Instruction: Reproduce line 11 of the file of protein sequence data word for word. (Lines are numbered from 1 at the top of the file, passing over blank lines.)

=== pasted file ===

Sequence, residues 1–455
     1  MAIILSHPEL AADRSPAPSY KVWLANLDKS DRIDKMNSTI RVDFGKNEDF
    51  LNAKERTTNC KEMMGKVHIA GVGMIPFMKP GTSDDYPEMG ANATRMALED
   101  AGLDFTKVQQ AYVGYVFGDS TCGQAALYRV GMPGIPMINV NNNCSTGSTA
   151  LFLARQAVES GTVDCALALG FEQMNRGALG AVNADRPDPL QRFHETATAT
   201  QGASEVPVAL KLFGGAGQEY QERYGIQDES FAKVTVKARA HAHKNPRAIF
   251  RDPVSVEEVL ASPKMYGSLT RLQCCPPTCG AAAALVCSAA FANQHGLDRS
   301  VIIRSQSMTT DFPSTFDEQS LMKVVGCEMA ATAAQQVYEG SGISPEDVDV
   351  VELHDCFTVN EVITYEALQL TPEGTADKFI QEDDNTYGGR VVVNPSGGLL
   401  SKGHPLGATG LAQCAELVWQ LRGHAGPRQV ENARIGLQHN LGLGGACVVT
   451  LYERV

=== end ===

   451  LYERV